Helms’ Legacy

Matthew Yglesias wonders why conservatives are affirming that Jesse Helms was a central part of the conservative movement, rather than cautiously distancing themselves from him.  Surprisingly, I think the answer is honesty, but this does commit them to saying a raving bigot was very important in the conservative movement.

There’s another important point here, which is that all the recent kerfluffle over whether the southern strategy was central to the Republican party’s success seems harder to take seriously, now that such a prominent conservative’s legacy is in the spotlight.  Jesse Helms was hardly the whole of the Republican party for the past forty years, but he was important, wasn’t he?

Followup: “The most eloquent case for Helms was made in 1997 by Fred Barnes of The Weekly Standard. “His relentless, unswerving application of conservative principles to practically every issue,” wrote Barnes, meant that “no conservative, save Reagan, comes close to matching Helms’s influence on American politics and policy in the quarter-century since he won a Senate seat in North Carolina.” ” That’s from a 2002 Atlantic article arguing that conservatives should be happy that Helms was leaving public life.  I, in turn, got it from Ross Douthat, who disavows Helms in his most recent post.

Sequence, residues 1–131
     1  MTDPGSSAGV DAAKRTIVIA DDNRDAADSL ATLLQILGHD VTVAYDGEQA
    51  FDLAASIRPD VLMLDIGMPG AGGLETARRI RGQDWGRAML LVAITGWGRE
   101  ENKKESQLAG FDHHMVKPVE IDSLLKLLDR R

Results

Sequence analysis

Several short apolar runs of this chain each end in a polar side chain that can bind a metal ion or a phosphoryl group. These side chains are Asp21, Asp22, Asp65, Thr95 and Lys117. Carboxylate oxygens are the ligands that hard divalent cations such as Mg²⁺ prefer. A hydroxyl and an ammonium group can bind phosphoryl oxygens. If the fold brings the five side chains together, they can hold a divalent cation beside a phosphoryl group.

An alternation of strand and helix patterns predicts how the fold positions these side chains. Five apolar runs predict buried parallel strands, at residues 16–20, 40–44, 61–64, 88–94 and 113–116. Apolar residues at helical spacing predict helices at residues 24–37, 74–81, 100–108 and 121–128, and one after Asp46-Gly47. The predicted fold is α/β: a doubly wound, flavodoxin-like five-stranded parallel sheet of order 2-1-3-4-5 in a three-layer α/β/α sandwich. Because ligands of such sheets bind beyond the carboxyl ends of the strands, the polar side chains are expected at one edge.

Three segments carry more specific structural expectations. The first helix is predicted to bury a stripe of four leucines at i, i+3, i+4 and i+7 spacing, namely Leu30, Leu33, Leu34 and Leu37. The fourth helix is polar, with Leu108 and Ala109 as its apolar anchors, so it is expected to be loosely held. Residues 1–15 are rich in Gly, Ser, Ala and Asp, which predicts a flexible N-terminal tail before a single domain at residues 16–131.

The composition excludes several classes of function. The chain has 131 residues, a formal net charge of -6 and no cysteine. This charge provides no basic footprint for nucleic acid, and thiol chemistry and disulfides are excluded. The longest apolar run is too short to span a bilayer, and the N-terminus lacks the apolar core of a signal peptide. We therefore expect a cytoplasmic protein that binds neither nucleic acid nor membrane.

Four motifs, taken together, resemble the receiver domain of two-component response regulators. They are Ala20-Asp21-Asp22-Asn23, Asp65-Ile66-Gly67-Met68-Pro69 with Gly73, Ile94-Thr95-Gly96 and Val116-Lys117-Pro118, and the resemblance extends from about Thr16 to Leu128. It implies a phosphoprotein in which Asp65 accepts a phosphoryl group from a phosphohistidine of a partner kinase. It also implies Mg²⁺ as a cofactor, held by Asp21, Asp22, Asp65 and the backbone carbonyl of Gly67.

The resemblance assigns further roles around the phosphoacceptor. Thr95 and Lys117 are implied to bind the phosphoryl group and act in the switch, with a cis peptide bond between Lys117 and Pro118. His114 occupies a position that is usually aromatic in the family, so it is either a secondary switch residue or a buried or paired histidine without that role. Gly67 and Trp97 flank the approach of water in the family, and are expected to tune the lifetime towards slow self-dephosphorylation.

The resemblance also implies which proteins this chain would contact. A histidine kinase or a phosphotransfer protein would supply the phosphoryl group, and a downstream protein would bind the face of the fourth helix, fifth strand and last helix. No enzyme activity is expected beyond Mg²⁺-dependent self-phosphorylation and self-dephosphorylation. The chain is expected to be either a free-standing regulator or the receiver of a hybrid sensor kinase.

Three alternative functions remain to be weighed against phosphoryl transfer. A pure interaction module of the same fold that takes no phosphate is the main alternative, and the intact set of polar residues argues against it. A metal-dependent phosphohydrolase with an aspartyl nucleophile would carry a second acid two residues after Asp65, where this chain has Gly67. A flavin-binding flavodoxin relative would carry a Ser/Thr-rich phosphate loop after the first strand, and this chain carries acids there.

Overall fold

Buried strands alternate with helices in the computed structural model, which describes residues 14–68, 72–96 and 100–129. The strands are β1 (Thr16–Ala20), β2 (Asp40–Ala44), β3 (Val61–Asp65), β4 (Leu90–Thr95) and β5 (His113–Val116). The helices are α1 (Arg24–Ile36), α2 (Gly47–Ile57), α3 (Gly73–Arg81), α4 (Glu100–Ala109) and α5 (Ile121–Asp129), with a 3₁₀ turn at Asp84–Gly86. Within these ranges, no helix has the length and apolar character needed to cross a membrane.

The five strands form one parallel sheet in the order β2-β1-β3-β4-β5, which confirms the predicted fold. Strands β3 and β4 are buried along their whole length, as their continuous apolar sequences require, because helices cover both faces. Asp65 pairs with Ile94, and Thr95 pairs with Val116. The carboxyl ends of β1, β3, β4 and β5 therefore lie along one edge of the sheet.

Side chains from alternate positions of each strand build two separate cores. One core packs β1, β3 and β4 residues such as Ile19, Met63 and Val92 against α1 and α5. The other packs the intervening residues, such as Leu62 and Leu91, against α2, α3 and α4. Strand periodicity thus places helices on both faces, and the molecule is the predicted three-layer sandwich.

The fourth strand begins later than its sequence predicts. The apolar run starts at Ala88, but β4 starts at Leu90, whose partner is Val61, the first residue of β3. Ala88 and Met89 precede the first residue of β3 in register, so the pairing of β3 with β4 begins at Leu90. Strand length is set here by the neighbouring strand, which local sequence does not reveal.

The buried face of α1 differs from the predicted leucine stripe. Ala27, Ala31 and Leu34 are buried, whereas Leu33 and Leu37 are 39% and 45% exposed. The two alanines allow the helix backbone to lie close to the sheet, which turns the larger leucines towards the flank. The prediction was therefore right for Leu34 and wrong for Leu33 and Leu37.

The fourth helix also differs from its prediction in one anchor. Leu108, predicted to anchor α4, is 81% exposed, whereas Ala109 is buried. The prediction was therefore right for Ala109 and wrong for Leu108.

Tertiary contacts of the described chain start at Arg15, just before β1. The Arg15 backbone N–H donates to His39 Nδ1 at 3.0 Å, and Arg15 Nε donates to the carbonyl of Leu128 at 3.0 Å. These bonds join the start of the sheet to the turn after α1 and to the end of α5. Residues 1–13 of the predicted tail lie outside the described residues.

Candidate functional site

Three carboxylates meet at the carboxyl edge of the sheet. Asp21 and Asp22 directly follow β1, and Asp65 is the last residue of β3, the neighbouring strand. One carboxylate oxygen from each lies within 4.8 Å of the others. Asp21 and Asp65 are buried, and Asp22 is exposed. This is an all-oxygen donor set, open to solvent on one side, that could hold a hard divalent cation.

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2 responses to “Helms’ Legacy

  1. With all of this Helms-affirming, I wonder if Republicans are just giving up on trying to attract black voters.

  2. Well, if there’s a year to give up the quest, this is certainly it.

    In the long term, I imagine things like praise for Helms don’t stick with people. So in future years, the passing of the old guard will probably help them appeal to black voters.